The real difficulty with Sugarloaf isn’t the rocky rubble but the rabble. Despite its cryptic name, Cecret Lake is certainly no secret. The parking lots near its trailhead were so packed that we had to park a mile down the road. Notwithstanding the crowds at the lake, we didn’t see many wanderers beyond that point.
Alta doesn’t allow snowboarders so this is as close as we’ve come to catching one of its lifts.
Jason got at least a few more feet out of Sugarloaf Peak.
It took us a bit less than four hours to do this hike, even with the extra two miles that the area’s vehicular surplus made necessary. We made it back to our car just before phone flashlights became needed.
Horse Flat Trail: American Fork Canyon
One fall afternoon we trekked across the Horse Flat Trail for an undetermined distance until the sun skedaddled. We didn’t encounter many trekkers after the first fraction of a mile but we did come across a couple of fine meadows and inspiring views. Yup, it was a gloriously generic mountain climb.
Patches of gilded groves accented the shooting hillsides around Horse Flat.
A warped aspen offered Jason a perfect perch as we progressed along Horse Flat.
We ended our Horse Flat hike here… wherever “here” was.
There you have it, an ambling account of our wanderings through the woods last summer and fall. Didn’t I say that walking is entertaining stuff? Let the 2017 hikes commence!
Posted by Rachel
on March 12, 2017 at 2:21 pm
Can’t go on one more day without knowing how Jason and I fared in our 2016 races? I figured as much and thus I am willingly sharing these completely mediocre finish times with the world. You’re welcome.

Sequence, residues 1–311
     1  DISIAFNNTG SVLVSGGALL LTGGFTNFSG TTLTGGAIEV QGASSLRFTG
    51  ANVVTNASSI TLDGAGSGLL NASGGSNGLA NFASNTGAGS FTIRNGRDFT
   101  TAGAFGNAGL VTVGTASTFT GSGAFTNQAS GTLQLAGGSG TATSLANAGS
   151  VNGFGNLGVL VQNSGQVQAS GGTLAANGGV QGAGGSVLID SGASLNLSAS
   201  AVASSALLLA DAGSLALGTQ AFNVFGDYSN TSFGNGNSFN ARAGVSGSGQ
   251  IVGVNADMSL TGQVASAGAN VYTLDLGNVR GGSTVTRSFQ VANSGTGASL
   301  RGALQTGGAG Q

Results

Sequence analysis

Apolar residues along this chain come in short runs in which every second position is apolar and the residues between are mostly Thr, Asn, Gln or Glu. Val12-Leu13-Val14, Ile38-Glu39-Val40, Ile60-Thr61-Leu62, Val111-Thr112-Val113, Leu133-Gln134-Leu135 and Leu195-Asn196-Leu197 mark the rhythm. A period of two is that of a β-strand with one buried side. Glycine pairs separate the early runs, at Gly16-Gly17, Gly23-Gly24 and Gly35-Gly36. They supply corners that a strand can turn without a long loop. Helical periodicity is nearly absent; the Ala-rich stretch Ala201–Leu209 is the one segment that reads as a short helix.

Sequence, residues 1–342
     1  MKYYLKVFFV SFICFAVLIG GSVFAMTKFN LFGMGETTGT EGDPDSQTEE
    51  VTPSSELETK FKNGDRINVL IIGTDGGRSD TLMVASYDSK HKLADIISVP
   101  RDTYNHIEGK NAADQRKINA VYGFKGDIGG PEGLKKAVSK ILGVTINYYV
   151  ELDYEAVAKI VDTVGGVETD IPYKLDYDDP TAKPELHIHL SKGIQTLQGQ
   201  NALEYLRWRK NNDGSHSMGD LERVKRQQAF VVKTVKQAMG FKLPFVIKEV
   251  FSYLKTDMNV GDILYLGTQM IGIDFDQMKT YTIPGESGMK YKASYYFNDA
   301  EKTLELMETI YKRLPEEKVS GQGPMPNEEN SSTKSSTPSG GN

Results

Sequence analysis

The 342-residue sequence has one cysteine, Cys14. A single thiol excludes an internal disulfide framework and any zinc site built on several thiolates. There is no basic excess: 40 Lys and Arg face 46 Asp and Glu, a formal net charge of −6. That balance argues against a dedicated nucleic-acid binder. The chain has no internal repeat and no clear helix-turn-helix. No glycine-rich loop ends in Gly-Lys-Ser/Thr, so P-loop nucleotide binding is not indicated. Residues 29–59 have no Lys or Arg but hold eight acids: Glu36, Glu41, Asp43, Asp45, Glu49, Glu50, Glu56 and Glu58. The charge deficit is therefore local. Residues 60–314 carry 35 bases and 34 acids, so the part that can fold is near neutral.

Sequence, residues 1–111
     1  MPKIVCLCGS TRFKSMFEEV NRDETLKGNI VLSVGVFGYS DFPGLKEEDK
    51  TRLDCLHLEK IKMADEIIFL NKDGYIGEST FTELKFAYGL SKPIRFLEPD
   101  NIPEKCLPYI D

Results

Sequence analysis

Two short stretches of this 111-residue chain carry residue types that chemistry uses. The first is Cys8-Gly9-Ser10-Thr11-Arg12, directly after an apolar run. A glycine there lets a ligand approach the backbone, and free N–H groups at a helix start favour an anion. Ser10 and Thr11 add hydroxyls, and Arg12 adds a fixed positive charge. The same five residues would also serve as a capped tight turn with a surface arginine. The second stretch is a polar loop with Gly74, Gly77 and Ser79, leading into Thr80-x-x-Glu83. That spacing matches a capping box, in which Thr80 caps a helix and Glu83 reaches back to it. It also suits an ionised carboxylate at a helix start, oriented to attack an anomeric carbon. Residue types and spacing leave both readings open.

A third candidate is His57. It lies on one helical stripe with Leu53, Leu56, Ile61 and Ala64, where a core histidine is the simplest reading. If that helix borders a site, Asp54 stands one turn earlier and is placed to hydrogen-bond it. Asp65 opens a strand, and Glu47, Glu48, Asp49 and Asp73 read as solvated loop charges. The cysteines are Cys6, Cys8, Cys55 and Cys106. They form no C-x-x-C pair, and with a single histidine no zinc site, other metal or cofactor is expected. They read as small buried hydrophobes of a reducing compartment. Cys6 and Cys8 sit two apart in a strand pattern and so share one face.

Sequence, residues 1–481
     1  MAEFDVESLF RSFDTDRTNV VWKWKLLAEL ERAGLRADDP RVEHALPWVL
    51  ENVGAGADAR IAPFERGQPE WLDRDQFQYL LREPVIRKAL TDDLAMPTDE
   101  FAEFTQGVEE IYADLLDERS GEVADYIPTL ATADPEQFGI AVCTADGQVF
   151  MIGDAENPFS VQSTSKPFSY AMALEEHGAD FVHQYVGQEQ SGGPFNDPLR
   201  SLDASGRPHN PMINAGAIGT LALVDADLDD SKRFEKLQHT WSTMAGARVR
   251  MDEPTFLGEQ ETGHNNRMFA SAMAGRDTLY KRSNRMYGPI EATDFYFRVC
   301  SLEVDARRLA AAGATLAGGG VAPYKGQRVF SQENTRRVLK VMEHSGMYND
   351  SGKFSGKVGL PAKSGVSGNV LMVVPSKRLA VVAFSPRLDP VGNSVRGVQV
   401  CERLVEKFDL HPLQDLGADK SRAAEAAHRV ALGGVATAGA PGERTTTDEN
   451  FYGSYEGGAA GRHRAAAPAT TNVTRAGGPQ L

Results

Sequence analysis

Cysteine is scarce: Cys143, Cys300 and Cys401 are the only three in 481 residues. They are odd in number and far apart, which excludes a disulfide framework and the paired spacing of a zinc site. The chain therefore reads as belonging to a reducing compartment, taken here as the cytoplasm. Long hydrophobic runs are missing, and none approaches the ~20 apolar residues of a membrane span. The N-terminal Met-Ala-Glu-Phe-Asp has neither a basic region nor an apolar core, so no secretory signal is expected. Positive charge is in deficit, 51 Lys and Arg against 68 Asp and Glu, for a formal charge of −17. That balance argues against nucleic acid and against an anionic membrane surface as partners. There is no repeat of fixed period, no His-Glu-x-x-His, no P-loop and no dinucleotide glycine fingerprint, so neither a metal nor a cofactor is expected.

Tulip Festival Half Marathon
Race Specs: This is the hardest half marathon in Utah. It’s not downhill like most. It’s a rollercoaster and, as with any notable coaster, vomit’s a standard.
Race Stats: I finished in two hours and 26 minutes. Overall, a much better run for me than my last tiptoe through the tulips. I didn’t break any land speed records but I kept a steady pace and met my time goal of less than two and a half hours. Further, I only walked up three or four of the steepest hills, which was quite an accomplishment considering the bountiful bumps on this course. Jason finished under two hours, which was his aim. He crossed the line at one hour and 53 minutes. Jason’s dad, Keith, also ran this race. We were proud of him for taking on the Hungarian Horntail of half marathons on his first half attempt and slaying it.
My parents walked the Tulip Festival 5K so we had a hefty cheering section at the finish line. Thanks Ben Norell for the great pict!
Race Repercussions: Following the race, my knees hurt dreadfully the rest of the day. It was embarrassingly difficult to go up and down stairs. By the next day, the aches had retreated to mostly just my thighs but stairs were still painful. However, my discomfort was lessened by Jason’s awkward shambles. That boy really struggled with his knees both the day of the race and the day after… and probably some days after that. Within 24 hours, his calves and thighs also limped onto that bandwagon. Yup, he ran like a little boy during the race and then hobbled like an old man for days.
Lehi Roundup 10K